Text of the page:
Ronald A. Arnoni, District Judge
We love our pets and consider them part of our family. That is why we need to make sure they are taken care of. The following is some helpful information related to taking care of your pets and some new information regarding Pennsylvania law. Always review your local rules and regulations, since some of the regulations and provisions may be unique to USC as it relates to the care of your best friend.
Puppy Mill Forum
What do the advertising director of the Pittsburgh Post- Gazette, executive director of Humane Animal Rescue, and State Representatives Harry Readshaw and Jason Ortitay have in common? They have all joined together in the fight to end puppy mill misery in Pennsylvania.
Pennsylvania is currently the fourth worst state for commercial puppy breeders in the country. Humane Action Pittsburgh, a coalition of citizen lobbyists dedicated to animal protection through legislation, policy, and education, has put together a forum in partnership with Spring Point Partners, of influential individuals, including representatives from the Attorney General’s office, Allegheny County District Attorney’s office, Director of the Western Pennsylvania office of the Lieutenant Governor, shelter and rescue directors from across the region, and Allegheny County Treasurer to tackle and solve this important issue.
The goals of the forum include redefining minimal breeding standards of dogs, cats, and rabbits, while also creating the most humane model that other states can replicate across the country. This isn’t the first time Pittsburgh has led the way. Humane Action Pittsburgh helpedpass Pennsylvania’s first two puppy mill laws in December 2015. Spearheaded by City Council president Bruce Kraus, the spirit of the bill was soon passed in Los Angeles and then the state of California. Now, legislation has come back home where State Representatives Readshaw and Ortitay are championing the bill in the House, while State Senators Tom Killion and Andy Dinniman lead the bill in the Senate. The bill was dubbed “Victoria’s Law” in honor of Victoria, a German shepherd who as a result of overbreeding has a genetic neurological disorder that now leaves her paralyzed. It’s believed she passed this gene along to 150–200 puppies sold in pet stores. Unfortunately, Victoria is by no means an isolated case. The bill would require commercial establishments to sell dogs, cats, and rabbits sourced only from shelters and rescues. The bill would also place restrictions on advertising animals for sale.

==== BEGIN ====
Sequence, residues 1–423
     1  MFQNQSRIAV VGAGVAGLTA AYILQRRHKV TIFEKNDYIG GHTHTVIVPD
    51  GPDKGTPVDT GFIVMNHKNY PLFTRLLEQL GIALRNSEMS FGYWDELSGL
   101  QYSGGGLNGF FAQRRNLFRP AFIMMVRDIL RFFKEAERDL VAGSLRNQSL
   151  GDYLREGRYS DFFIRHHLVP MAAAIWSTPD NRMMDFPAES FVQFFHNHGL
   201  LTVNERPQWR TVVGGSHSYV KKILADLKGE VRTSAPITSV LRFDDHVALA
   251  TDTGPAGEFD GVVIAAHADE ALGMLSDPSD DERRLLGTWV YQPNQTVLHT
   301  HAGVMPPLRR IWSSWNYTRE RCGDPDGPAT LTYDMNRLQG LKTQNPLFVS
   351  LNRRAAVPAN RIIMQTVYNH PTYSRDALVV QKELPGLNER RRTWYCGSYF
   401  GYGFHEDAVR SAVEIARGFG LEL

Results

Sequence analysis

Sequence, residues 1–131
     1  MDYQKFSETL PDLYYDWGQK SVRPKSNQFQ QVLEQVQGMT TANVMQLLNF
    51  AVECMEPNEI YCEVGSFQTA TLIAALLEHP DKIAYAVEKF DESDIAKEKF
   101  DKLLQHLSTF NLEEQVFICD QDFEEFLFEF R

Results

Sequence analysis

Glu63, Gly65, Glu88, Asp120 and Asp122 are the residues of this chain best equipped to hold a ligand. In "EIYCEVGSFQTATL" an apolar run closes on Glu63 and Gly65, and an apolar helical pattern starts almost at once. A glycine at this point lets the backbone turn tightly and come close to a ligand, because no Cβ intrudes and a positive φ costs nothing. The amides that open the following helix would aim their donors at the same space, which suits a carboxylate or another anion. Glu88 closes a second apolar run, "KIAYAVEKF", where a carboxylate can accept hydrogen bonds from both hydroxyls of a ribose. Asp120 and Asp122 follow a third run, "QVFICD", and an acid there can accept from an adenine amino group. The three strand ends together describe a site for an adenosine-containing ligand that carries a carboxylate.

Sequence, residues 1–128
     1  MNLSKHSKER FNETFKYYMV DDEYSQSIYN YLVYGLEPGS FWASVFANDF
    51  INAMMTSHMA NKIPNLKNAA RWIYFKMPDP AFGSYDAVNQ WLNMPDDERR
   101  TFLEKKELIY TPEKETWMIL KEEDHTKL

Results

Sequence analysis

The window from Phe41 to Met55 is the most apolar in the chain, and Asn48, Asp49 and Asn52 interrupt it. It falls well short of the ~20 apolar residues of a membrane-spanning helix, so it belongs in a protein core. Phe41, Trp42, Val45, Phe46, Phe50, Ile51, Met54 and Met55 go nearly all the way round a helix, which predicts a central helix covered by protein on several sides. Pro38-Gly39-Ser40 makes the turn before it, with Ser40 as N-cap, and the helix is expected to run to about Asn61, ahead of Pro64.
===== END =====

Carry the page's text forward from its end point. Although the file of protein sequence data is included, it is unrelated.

With the cold weather behind us, but hot weather soon to come, it’s important for residents to understand dog law as it relates to inclement weather. The following are some facts to consider:
• No dog should be tethered outside for longer than 30 minutes in temperatures below 32 degrees or above 90 degrees. Owners who violate this statute can be cited for neglect. In certain municipalities, like the city of Pittsburgh, Sharpsburg, North Versailles, and Wilkinsburg, this law applies to dogs tethered or untethered.
• Regardless of weather, dogs cannot be tethered for more than nine cumulative hours in a 24-hour period.
• Tethered dogs must not be surrounded by excess waste or have open sores and they must have access to water and shade. Their tether cannot be a tow or logging chain, and must be at least ten feet long and attached to a well-fitting collar with a swivel (no choke/prong/chain collars allowed).
• All dogs must have access to adequate shelter, which is defined as “sufficient to permit the animal to retain body heat and keep the animal dry.” An officer can cite the owner if they find a dilapidated, damp, and/or uninsulated structure, and/or the dog appears to be in distress.
• If a dog lacks appropriate shelter or is exposed in extreme weather, a humane or police officer can cite the owner and seize the dog.
• Public safety professionals can remove a dog or cat from an unattended motor vehicle if they believe the animal is in imminent danger, without fear of liability for damages to the vehicle or its contents. A reasonable search for the owner must first take place and the public safety professional must leave behind a note telling the owner where the pet can be picked up. If you are aware of violations, phone your local humane officer or dial 911. Remember to lawfully document the situation as best you can. Photographs with recorded dates and times are very helpful to law enforcement. If your local police department is unfamiliar with any of these laws, have them contact Humane Action Pittsburgh, who can help facilitate training free of charge to the department on the area’s animal cruelty codes.